Now, with respect to how that affects us in the world, it doesn't affect us positively, but it doesn't stop us. I am received anywhere I go in the world, in any part of the world, as the American Secretary of State, and we do business. We did business today in the Sudan. We did business two weeks ago when we announced 16 countries that we were going to support for Millennium Challenge Corporation funding. And I've gotten letters from all of them thanking us for our willingness to work with them.

We have passed three straight resolutions unanimously since the so-called "failed second resolution," three in a row, all 15-0, supporting our reconstruction efforts in Iraq. I am confident that the resolution we have before the Security Council now, when we go through the resolution process -- see, you guys are going to get edited by a number of people in your papers. I get edited every time I put down a UN resolution.

QUESTION: I bet it's better than ours, though. (Laughter.)

SECRETARY POWELL: I think they're tougher than yours.

QUESTION: I guess that's one --

SECRETARY POWELL: Well, let me just finish my thought.

And so we'll work through this. What I have discovered is all of our friends, both those who supported us and those who vigorously opposed us last year, don't want us to be unsuccessful now. Success is important for the international community, and we're going to use that to assist us as we move forward.

And so, yes, we've had some disappointments in this; but American diplomacy is hard at work achieving successes, whether it's eliminating trade barriers, whether it is such issues that get attention once and then nobody writes about it again, such as finding a way to move forward on providing generic and combination drugs for anti-retroviral purposes on HIV/AIDS, which we did last weekend.

So foreign policy isn't always, you know, a big page one story or on television every night. It's what my predecessor, George Shultz, used to call "tending the garden." And if you tend it hard enough, you pull out all the weeds, and you just stick with it, someday a flower blooms. And sometimes it's called a deal between the Sudanese.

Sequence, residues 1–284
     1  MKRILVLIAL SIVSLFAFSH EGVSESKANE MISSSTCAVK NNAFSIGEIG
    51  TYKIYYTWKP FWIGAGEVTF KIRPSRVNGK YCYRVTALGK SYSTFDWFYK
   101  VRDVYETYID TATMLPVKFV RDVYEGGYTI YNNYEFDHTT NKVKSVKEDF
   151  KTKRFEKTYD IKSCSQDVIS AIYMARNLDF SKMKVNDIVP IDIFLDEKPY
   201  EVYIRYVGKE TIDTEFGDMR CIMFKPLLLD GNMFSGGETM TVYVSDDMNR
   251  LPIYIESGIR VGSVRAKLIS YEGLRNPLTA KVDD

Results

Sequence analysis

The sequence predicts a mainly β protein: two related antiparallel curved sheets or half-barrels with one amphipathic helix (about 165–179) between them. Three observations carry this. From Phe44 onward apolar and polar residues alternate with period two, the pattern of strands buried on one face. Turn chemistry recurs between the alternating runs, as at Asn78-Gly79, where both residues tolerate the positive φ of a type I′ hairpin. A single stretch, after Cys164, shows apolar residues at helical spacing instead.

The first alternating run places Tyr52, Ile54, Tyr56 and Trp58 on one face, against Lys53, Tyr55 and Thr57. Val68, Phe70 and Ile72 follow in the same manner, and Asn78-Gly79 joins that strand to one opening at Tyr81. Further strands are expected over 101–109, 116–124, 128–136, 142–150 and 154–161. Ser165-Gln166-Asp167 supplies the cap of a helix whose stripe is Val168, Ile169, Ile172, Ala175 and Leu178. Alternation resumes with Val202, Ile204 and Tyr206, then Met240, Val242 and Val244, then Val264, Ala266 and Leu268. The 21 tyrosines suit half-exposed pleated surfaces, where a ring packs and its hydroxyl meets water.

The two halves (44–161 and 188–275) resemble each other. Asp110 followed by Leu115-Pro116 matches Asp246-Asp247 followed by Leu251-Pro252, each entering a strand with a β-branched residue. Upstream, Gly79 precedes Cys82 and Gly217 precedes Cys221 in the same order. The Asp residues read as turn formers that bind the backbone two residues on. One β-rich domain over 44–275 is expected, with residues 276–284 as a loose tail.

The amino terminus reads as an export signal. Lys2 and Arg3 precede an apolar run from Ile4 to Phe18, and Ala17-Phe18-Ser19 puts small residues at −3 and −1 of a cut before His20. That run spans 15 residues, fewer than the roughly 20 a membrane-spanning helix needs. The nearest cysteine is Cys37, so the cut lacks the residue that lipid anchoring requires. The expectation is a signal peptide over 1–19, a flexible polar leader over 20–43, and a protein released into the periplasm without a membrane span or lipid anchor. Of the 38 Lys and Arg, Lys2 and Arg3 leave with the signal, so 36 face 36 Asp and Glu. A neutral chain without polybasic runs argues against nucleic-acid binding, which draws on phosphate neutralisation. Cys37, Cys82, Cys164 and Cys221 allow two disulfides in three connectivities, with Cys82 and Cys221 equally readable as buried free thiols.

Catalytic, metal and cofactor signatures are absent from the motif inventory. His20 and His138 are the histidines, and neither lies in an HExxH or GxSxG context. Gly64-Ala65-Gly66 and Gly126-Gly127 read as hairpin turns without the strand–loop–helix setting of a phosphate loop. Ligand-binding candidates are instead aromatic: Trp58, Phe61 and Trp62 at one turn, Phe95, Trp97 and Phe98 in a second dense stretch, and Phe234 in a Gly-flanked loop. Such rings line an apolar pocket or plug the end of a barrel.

QUESTION: Just one quick follow-up. The next time, though, that the United States believes there's a bad guy out there with weapons of mass destruction, how much harder is it going to be to sell, not just to people that don't like us, but how much harder is it going to be to sell to the Tony Blairs of the world to say, you know, we need to go in there and invade now? What happens with our credibility in that respect?

SECRETARY POWELL: I'll answer that two ways. First, there are guys out there who have weapons of mass destruction or are trying to get them, and we are dealing with them right now. In the case of Iran, we have mobilized the IAEA. We've gotten our EU buddies, three of them, particularly the French, the German and British foreign ministers, to play a lead role with us in telling the Iranians it has to stop. The Iranians are under enormous pressure right now-- they haven't abandoned it, but they're under enormous pressure.

The Libyans took one look at the world, saw what their weapons of mass destruction were doing for them, realized nothing; they were pariahs of the world. And one day, Muammar Qadhafi, as only a non-democratic leader can, turned on a dime and said, you know, I've got a better idea. Let me just give up all this stuff.

Now, what motivated him? The realization that he wasn't getting anything for his people? Or, gee, you know, look what the Americans and the British are doing in Iraq at the same time? Lots of things motivated him. But we solved that one diplomatically, and all of his weapons of mass destruction are now in Oakridge, Tennessee -- something I thought I'd never see. And he keeps giving -- he keeps giving us everything that they find over there. They want to get rid of it now. It's now a waste disposal problem. Better get DFI, not the CIA.

And with Korea, North Korea, we have gotten four neighbors of North Korea to join us in a concerted effort to make this regime understand that we all want a denuclearized peninsula. It's slow going; we've been at it for a little over a year -- 14, 16 months, something like that. And we're going to keep pressing it. North Korea now realizes that it has no supporters in its effort. And so we're going to keep applying diplomatic pressure. We have no hostile intent. We don't intend to start a war over this. We never rule out any option for the President, but right now we're bringing pressure to bear.

The first choice is always diplomatic. Now, it can also be the case that sometimes you have to use military force to deal with a particular problem. It may not always be weapons of mass destruction. And you have to make the case to the international community or to a willing coalition. Haiti wasn't a huge military problem, but a couple of phone calls with my French colleague, which whom I had such trouble last year, and it took me about three phone calls to arrange with French authorities, and the President talking to President Chirac, that they would join us on the 29th of February, 1st of March, in a military operation in Haiti. And they're still there. And when I went to Haiti on the 5th of April, I met with the French commander, who was reporting to an American general.